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October 10th, 2008 / 10:58 pm

Raise Cash for Dzanc Books by Writing Words

Dan Wickett, god of small presses, has announced a Write-a-Thon! on the Emerging Writers Network – basically, you get a sponsor to pay a certain amount of money depending on how much your write and then that money goes to Dzanc Books. He has better details over at the site.

I once did a Jump-Rope-a-Thon! and raised some money that way. I also went Trick or Treating with a UNICEF box.

Oh, also, a prize: the writer who raises the most money gets the ‘full run of’ Dzanc’s titles.

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October 7th, 2008 / 8:53 pm

EWN Indie Publisher E-Panel

Dan Wickett of Dzanc Books and the EWN once again rips shit up with a nice new epanel discussion on independent publishing, with a Q&A among publishers from several indies, including Underland Press, Ellipsis Press, Keyhole Books, Tyrant Press, Hobart Short Flight Long Drive, Rose Metal Press and Hotel St. George Press. They discuss all matters of what running a small press entails, from searching through submissions to marketing the books to sales and promo, just about everything you could want to know.

A great, great interview, and a fascinating read, esp. if you are in the market of trying to place your own book or start your own press.

As a particular favorite moment, here’s Eugene Lim of Ellipsis Press on the future of Indie publishing:

I’d like to think an indie movement is going on. Twelve years ago there was an issue of The Review of Contemporary Fiction, titled “The Future of Fiction,” and edited by none other than David Foster Wallace. In it, there’s a hilarious and dead-on piece by Dalkey head John O’Brien, which stated among other things that the “end of literary books in commercial publishing is a historical inevitability.” And so it has come to pass. The bigger houses will cease (have ceased!) to publish literary fiction. It is not profitable for them to market and produce a title that will sell to 5000 people (even if Rick Moody strong-arms a National Book Award for them). S’okay though. The old publishing joke goes, How do you make a small fortune in publishing? Answer: Start with a large one. And then you and your crony get to laugh bitterly together. But it’s the wrong question. A small and lively (and one hopes resurging) group of people care about the novel as art. And with the new methods of production and distribution, it’s getting easier for writers to connect with readers. The truth is there’s never been any money in publishing innovative writers (at least before canonization—for those lucky few). But now what’s being revealed is it doesn’t matter that there isn’t. This is parallel with the digital revolution in filmmaking, which Francis Ford Coppola famously predicted by saying, “One day, some little fat girl in Ohio is going to be the new Mozart and make a beautiful film with her father’s camcorder and the so-called professionalism about movies will be destroyed forever.” Similarly and importantly, the means of production and marketing for books have become much more affordable.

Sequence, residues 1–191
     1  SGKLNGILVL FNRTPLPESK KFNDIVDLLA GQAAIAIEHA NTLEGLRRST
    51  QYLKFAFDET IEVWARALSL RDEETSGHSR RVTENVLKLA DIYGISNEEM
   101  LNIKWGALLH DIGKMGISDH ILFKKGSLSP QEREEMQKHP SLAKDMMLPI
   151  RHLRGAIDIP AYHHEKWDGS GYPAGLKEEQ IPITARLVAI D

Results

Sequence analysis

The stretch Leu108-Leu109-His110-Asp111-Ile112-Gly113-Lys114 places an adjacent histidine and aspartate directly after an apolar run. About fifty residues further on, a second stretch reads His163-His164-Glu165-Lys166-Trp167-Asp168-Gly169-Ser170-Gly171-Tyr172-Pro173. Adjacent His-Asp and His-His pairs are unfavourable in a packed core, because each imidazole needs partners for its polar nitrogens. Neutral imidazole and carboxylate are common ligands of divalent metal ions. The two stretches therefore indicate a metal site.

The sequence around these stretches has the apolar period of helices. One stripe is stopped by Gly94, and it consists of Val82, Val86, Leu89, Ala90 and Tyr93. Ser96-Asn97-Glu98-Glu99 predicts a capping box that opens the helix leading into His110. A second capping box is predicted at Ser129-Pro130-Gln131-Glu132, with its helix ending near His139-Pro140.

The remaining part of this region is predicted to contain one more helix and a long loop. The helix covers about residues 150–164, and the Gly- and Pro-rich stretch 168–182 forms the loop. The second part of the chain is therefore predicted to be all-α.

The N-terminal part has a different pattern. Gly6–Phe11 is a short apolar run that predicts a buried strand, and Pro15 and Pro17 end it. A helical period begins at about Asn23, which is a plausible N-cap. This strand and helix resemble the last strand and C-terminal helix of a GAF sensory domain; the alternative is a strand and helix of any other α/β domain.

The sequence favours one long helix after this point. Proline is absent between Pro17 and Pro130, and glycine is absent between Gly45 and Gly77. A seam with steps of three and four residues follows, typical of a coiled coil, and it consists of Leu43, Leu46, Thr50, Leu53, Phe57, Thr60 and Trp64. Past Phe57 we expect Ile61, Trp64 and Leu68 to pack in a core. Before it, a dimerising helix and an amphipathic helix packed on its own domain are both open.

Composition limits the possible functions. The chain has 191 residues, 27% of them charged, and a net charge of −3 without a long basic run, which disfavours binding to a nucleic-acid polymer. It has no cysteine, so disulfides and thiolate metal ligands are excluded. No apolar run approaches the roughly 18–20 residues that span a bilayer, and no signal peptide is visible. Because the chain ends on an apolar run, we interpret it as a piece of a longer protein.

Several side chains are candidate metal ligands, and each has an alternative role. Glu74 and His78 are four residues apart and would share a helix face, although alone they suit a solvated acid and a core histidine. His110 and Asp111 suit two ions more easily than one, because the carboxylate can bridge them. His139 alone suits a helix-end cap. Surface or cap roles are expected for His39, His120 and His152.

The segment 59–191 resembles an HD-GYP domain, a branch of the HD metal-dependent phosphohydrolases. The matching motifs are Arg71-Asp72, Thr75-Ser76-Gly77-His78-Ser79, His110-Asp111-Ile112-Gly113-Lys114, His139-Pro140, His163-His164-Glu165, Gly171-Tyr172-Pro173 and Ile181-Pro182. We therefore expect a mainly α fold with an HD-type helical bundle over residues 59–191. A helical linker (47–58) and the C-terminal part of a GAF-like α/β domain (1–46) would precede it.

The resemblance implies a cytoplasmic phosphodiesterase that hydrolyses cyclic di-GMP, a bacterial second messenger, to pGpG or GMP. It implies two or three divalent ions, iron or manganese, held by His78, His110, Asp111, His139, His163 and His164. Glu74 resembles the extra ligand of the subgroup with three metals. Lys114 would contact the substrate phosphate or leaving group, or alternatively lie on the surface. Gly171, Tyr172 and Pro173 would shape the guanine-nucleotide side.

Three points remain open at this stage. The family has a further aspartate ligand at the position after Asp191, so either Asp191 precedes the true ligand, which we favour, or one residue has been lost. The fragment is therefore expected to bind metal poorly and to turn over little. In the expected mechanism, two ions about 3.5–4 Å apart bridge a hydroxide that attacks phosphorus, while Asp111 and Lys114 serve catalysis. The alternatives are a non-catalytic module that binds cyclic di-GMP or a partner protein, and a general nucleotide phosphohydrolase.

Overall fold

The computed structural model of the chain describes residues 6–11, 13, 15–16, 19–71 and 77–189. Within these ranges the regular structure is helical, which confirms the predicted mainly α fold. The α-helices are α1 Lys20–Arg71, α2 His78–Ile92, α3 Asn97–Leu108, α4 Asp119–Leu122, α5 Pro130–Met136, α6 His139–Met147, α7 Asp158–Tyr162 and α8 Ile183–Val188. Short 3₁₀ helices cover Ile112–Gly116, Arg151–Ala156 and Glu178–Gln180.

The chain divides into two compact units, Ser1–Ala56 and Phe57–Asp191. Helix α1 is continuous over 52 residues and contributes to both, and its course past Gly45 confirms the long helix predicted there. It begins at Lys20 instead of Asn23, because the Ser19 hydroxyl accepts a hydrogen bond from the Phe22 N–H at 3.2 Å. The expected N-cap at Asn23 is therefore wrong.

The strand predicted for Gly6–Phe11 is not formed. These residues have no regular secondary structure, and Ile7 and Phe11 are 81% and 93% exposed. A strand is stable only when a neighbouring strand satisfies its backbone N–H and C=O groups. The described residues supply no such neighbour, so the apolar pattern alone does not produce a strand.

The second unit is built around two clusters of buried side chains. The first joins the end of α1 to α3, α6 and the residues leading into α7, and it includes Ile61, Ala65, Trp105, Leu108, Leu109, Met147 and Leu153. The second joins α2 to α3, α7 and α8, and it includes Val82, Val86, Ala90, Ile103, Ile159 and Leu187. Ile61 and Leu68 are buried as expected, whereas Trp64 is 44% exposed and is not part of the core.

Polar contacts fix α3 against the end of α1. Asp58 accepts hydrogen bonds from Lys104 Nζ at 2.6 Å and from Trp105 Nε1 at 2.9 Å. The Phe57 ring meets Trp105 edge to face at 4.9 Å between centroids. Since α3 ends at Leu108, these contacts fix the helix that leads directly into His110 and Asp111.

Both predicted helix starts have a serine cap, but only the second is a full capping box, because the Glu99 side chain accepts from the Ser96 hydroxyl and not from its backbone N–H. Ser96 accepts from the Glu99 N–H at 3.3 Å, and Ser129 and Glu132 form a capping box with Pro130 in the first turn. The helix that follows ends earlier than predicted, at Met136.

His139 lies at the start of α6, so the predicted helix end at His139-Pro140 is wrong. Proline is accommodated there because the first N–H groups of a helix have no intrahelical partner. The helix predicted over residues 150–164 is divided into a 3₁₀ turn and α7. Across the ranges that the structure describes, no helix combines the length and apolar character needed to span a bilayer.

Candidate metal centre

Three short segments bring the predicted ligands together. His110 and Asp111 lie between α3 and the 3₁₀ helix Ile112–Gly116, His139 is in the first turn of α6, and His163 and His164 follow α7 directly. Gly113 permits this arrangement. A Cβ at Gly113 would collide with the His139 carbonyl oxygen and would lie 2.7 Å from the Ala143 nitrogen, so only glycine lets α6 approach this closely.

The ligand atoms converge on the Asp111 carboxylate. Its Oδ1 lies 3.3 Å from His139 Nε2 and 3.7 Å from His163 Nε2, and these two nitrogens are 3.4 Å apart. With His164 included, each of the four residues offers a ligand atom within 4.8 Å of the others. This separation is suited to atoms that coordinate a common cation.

Yes. Yes. Yes.

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September 30th, 2008 / 2:38 pm